Obama's Endorsements Fail to Lift Democrats

WASHINGTON -- If President Obama represents change you can believe in, Democrats on the campaign trail may want him to keep the change after considering his record as endorser in chief.

Just ask Jon Corzine, Creigh Deeds, or Martha Coakley – Democrats whose bids for office or re-election failed despite the president's endorsements and campaign appearances.

Just ask Arlen Specter, a five-term U.S. senator who switched from Republican to Democrat last year in hopes of keeping his Pennsylvania seat. On Tuesday, he became the fourth Democrat in seven months to lose a high-profile race despite Obama's endorsement and active involvement, raising doubts about the president's ability to help fellow Democrats in November.

"I don't know that he's the kiss of death. But at best, he's sort of like a kiss from your sister," said conservative columnist Jonah Goldberg, a Fox News contributor. "It's really all not that much fun and it invites awkward questions."

"Obama is the establishment right now … and the establishment is deaf, and being embraced by Barack Obama certainly hasn't helped any of these Democrats," Goldberg added. "And we know when he hugs you, as in the case of Charlie Crist, it is the hug of death."

It may appear that Obama has lost his mojo, despite his megawatt smile and vast reservoir of charm. But the truth is ... there's no evidence he ever had it – at least when it comes to getting other Democrats elected.

The first three candidates Obama stumped for  -- Gov. Corzine for re-election in New Jersey, Deeds for governor in Virginia and Coakley for senator in Massachusetts -- all fell to Republicans. But Specter's loss to Rep. Joe Sestak in  on Tuesday cast doubts on Obama's influence and popularity even within his own party -- and in a battleground state, closely divided between Democrats and Republicans, no less.

Campaign strategists said Wednesday that many congressional Democrats seeking re-election this year will probably tap Obama to raise money, record ads for black radio stations and perhaps highlight a key issue or two. But some, and perhaps many, will not seek presidential visits, and they will emphasize their own roles on issues such as job creation.

Obama remains generally popular, especially when compared to Congress or Republican leaders, said Jim Margolis, a Democratic consultant who worked on the president's 2008 campaign. But, he said, "what we've seen in many states is that his popularity doesn't necessarily translate into specific support for a particular candidate."

That's the case for all presidents, Margolis said, especially in midterm elections. "Where you get the pop is when you have someone at the top of the ticket" who can generate excitement and voter turnout for down-ballot candidates, he said.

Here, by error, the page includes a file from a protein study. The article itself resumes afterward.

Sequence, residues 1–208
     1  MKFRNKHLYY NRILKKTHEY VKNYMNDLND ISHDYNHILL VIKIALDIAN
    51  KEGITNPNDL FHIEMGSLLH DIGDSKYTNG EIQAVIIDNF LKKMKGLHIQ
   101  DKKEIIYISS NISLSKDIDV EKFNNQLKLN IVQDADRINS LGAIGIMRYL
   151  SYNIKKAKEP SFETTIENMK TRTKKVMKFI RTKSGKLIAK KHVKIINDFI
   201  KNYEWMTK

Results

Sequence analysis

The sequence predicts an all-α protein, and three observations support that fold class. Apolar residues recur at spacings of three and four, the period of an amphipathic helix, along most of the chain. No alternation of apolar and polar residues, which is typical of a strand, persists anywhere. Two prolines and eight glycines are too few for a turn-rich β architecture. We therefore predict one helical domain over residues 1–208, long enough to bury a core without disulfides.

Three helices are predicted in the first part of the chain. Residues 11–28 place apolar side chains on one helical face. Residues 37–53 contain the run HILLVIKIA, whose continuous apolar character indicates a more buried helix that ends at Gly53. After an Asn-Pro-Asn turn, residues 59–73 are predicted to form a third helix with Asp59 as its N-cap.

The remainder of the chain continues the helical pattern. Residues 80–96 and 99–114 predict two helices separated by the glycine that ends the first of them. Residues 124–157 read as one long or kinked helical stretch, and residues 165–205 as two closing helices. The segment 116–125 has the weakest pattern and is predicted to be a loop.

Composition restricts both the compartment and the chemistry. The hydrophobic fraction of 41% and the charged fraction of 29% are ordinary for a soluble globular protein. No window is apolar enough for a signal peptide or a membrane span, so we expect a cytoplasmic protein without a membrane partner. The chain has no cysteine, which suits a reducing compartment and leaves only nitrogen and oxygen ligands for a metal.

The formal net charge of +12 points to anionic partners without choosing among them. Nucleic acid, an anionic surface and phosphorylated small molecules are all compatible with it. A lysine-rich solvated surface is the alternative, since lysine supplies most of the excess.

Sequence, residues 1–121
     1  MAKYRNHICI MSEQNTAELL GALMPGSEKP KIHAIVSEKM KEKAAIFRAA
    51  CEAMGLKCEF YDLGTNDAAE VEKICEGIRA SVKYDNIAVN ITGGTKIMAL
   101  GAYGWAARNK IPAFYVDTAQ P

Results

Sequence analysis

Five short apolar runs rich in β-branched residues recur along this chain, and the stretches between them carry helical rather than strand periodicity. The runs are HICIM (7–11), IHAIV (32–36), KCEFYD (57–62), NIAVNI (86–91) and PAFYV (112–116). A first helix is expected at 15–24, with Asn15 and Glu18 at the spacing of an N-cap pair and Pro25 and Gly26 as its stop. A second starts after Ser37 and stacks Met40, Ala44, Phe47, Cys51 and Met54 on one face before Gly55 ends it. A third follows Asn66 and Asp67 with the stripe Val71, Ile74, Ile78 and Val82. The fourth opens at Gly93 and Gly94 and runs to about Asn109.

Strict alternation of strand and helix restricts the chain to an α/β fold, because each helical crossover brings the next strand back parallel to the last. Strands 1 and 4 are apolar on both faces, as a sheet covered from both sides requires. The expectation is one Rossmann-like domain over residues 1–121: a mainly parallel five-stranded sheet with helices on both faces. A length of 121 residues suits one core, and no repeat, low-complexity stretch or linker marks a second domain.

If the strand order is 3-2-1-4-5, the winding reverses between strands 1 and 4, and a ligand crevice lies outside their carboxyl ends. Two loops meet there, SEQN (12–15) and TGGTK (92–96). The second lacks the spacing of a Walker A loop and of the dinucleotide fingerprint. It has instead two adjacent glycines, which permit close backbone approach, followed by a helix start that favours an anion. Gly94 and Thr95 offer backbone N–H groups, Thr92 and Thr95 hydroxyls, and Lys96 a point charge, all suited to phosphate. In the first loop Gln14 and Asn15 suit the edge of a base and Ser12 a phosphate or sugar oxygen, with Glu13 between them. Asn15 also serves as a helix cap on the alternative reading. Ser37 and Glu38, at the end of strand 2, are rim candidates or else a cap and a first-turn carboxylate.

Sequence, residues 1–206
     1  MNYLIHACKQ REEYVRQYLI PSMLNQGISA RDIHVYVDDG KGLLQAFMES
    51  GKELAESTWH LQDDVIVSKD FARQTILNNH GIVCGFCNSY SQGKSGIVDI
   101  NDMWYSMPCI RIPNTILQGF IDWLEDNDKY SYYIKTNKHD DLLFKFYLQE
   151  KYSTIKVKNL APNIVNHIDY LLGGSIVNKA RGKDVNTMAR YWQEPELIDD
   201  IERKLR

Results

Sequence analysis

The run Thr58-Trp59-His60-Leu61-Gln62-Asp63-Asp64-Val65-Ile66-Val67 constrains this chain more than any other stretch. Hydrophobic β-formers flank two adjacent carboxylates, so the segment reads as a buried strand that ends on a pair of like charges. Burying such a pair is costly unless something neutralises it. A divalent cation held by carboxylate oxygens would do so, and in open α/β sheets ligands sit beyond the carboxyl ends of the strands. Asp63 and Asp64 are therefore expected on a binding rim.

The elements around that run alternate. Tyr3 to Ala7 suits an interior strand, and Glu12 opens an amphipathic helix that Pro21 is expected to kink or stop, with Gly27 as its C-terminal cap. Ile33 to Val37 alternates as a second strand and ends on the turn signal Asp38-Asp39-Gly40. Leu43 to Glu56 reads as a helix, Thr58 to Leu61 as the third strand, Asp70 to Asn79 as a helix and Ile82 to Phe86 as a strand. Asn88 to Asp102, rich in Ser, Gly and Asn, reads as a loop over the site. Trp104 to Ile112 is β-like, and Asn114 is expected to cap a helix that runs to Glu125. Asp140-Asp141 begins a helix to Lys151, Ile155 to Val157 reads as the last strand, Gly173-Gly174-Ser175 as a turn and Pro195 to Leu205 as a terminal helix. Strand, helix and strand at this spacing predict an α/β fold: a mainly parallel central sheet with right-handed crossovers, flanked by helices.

But it's still a letdown for those who saw Obama as a charismatic president with broad coattails. And Obama's endorsement record thus far could hurt his legislative agenda if Democratic lawmakers decide they need some distance from him as they seek re-election. Conversely, it might embolden Republican lawmakers and candidates who oppose him.

Tea Party favorite Rand Paul, who won Kentucky's Republican primary for U.S. Senate on Tuesday, said he'd love to see the president campaign for Democrat Jack Conway in their battle to replace Sen. Jim Bunning, who is retiring.

“I say bring it on, and please please bring President Obama to Kentucky ….because he’s incredibly unpopular here,” Rand told Fox News.

Obama's track record also raises the question of whether he may hurt candidates he supports by motivating his foes -- such as Tea Party supporters -- to vote. Though this month's AP-GfK Poll shows Americans split about evenly over how he's handling his job, those strongly disapproving outnumber people who strongly back him, 33 percent to 22 percent -- not an enviable position for Democrats.

Creating another bruise for Obama and the Democratic establishment Tuesday, Sen. Blanche Lincoln was forced into a runoff in Arkansas' Democratic senatorial primary. Obama supports Lincoln's bid for a third term, but he is not as closely associated with her campaign as he was with Specter's -- or with Corzine's, Deeds' and Coakley's.

"I don't think the president has been able to help these candidates, but he's not the reason they lost," Democratic strategist Dan Gerstein told Fox News. "They lost because they were in a tough environment for Democrats and in many respects they were flawed candidates."

Matt Bennett, a Democratic strategist and vice president of the group Third Way, said he doubts that Democratic lawmakers will panic over Obama's inability so far to help Democrats clinch victories.

"Presidents have coattails when their names are on the ballot," Bennett said, and that can't happen for Obama until 2012.

The Associated Press contributed to this report.